Monday, July 9, 2012

Lifelong Learning

Artists Name: Stella Lee
School: Northview High School
I recently engaged in a relatively short discussion with @wmchamberlain (one of many teachers I follow on twitter) about lifelong learning. The discussion started with a question he posed asking what people were learning over the summer and I responded by describing that I have spent the summer teaching myself how to sew (with the immense help of both youtube and books ordered from Amazon). He shared that he was experimenting with art making. I pointed to a website that I thought might help in his journey and he gave me some encouragement, too.

Even though the "conversation" lasted a few lines back and forth, it has got me thinking about the concept of lifelong learning and how we engage students in this. It also got me thinking about how I engage in my own learning and what motivates me to want to learn new things.

I have always had an interest in how things are made. It is one of the reasons I wanted to be an artist and it is also why I wanted to be an art teacher - I also enjoy teaching others how to make things. I have had a sewing machine since 2006, but did not start using it until about a year ago. Why did I not learn to sew earlier? It might be because inheriting the machine was the result of my mother-in-law's passing, it might be because I didn't want to pay for a class when I had other bills and monetary concerns to think about, but it was probably because I wasn't ready to learn how to do it yet.

You can lead a horse to water, right? Anyway, whatever the reason is for me not wanting to learn how to sew then doesn't matter now because I am engaged and interested and as a result have not only created things that I am proud of but have been able to share those creations with others.

As I reflected on my own process of learning (and the fact that a lot of it involved failure, frustration, retrying things, research on the internet, and some help from experienced experts), it got me thinking about my classroom and how I can infuse this experience there. If I want my students to experience learning the way I did then I need to create an environment where experimentation, investigation, and following interests are important. If I want students to be engaged, then I need to be open to the fact that they are all in different points in their learning careers and even though I may lead them to water, it is up to them to figure out when they are ready to drink... I also have to give myself a break (and my students, too) when they are not and realize that just because something doesn't work out once doesn't mean they (or I) should never try it again. The most important thing I will bring to my classroom from this experience is my story. I will share with my students how I learned to sew and how I taught myself by doing research, failing, taking risks, and finally achieving my goal.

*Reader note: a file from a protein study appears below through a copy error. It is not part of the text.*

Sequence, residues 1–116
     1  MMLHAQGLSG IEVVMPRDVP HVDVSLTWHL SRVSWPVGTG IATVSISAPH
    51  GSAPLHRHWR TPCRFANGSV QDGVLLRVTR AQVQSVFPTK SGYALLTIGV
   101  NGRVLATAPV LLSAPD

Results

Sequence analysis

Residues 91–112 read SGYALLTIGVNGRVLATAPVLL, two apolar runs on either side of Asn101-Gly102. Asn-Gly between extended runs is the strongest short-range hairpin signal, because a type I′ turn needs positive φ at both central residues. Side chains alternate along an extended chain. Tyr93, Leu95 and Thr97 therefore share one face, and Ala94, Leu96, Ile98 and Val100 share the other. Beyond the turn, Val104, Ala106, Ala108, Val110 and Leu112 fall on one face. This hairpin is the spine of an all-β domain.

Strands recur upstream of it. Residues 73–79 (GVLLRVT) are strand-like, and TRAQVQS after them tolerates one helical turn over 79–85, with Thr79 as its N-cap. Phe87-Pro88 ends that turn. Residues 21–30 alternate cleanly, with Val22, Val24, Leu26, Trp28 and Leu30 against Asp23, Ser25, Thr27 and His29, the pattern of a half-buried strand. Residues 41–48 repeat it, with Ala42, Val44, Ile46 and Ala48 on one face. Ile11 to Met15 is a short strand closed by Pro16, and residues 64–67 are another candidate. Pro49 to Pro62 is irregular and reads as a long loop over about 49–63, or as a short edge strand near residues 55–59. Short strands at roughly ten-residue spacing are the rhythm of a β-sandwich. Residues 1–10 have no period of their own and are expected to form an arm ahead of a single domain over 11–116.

There is a great lifelong learning opportunity coming up August 5-10 through the MAEA Summer Professional Development Institute. Today is the early registration deadline and if you have been putting off learning something because you weren't ready yet, hopefully you will take this opportunity to learn in a community of experts that will guide and encourage you along the way.

If you have a learning story from this summer, or have taken a workshop in previous Summer PDI's please share your story below.

1 comment:

  1. What a great post and such wise advice! I do a lot of things in my classroom to introduce new things, simply because I think one of my students might be interested in it. I never thought that something they experienced in my class might be revisited by them later.

    I am 'creating' art this summer. I am also learning to play a guitalele which is a combination of guitar and ukulele. There are no professional or monetary rewards that come with learning art or music for me, I am just enjoying it. Who knows what will strike my fancy next. :)